• These findings run contrary to the popular view in media and in scholarship that North Korea’s interest in acquiring nuclear capabilities in earnest started in the 1980s and early 1990s.2 The effort is, in actuality, over 50 years old.

KH-4 Mission 9050 (December 15, 1962)

The first of the two declassified satellite images was taken on December 15, 1962. This approximately 2.7-meter resolution image, taken during KH-4 Mission 9050, shows the Yongbyon area on a clear winter day. The area is engaged in typical rural agricultural activity and construction has not yet begun on the Yongbyon Nuclear Research Center. With the exception of Sang-dong (which has a small rail station and three large structures) and the city of Yongbyon, the sites for all future facilities are either under cultivation or occupied by small agricultural villages. Of note in the image are two large, apparently agricultural related, structures in the Pun’gang-ni area.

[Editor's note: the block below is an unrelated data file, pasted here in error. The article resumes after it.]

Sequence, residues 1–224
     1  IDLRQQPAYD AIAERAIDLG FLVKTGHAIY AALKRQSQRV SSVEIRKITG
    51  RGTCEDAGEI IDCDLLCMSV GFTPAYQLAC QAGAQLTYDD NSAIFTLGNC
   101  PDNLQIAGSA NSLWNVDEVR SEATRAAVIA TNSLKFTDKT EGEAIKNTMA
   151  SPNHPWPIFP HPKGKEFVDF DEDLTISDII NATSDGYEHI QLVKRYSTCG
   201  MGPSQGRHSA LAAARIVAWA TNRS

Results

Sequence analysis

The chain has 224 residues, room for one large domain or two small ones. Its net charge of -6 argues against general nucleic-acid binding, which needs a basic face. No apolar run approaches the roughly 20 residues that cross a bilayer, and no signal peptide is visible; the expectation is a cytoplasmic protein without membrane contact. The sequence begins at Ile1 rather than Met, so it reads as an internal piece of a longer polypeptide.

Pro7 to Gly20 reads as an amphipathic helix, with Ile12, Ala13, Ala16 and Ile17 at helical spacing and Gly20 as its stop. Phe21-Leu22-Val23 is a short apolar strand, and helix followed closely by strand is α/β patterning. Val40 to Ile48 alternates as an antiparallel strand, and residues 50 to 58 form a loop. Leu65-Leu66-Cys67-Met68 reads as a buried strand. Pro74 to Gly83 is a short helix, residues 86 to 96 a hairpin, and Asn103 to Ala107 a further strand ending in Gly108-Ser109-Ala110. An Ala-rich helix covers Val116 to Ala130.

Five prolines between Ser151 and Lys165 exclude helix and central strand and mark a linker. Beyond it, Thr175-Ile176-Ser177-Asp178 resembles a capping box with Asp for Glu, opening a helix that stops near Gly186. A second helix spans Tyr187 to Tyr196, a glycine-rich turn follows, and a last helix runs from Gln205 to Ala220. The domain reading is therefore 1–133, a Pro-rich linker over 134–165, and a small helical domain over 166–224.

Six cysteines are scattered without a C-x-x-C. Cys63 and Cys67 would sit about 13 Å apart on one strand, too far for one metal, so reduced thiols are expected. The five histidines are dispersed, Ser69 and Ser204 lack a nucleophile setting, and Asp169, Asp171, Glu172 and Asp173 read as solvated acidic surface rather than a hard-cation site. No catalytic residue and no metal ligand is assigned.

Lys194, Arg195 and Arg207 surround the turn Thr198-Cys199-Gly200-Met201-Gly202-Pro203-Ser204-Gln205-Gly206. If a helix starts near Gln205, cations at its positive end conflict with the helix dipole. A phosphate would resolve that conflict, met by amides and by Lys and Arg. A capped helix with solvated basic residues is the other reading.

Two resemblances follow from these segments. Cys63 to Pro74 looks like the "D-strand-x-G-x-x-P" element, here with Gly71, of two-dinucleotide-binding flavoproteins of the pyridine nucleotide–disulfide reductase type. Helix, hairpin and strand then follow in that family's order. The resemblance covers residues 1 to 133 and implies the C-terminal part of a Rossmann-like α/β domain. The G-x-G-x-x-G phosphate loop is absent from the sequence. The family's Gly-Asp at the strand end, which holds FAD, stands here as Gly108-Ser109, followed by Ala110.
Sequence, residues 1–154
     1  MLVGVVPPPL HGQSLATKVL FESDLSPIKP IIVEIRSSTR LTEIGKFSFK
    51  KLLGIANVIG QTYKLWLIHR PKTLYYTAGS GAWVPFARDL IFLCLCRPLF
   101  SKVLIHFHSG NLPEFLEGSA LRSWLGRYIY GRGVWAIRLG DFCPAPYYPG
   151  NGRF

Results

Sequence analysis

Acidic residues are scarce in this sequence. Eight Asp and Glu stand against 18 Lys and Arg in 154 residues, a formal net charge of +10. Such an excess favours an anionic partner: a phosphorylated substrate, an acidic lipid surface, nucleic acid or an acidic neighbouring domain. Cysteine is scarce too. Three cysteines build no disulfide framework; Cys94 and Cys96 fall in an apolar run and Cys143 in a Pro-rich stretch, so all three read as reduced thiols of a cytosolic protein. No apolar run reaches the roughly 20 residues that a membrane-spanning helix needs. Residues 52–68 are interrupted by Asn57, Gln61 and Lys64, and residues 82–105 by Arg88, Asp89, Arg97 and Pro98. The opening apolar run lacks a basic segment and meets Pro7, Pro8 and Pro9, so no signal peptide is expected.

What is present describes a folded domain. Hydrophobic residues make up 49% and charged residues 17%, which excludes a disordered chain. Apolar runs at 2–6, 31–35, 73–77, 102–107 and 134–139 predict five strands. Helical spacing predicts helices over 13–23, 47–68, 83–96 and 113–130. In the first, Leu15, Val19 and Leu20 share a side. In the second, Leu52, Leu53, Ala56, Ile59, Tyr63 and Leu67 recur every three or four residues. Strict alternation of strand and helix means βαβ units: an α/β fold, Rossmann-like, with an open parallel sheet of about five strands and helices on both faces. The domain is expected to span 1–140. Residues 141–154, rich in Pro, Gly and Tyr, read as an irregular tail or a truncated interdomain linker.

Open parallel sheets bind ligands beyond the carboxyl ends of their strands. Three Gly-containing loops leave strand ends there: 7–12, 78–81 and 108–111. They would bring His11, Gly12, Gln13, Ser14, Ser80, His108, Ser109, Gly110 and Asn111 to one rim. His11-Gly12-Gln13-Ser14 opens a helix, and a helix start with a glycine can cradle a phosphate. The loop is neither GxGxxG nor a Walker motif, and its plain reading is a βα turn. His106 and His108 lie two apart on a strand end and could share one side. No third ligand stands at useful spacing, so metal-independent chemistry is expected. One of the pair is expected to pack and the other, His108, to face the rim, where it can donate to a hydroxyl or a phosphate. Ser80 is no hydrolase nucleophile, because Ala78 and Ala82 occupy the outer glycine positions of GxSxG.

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Image: An overview of the Yongbyon area showing the location where the future IRT-2000 research reactor will be built (CIA, declassified KH-4 image, December 15, 1962).

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Image: An overview of what will become the northern section of the Yongbyon Nuclear Research Center showing the site of the future operations area where the future IRT-2000 research reactor will be built. Also visible are three large structures in Sang-dong and two large, apparently agricultural-related, structures in the Pun’gang-ni area. (CIA, declassified KH-4 image, December 15, 1962).

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Image: A close-up view of the site of the future operations area where the IRT-2000 research reactor will be built and the northern section of the support area. Just visible is one of the two agricultural-related structures in the Pun’gang-ni area. (CIA, declassified KH-4 image, December 15, 1962).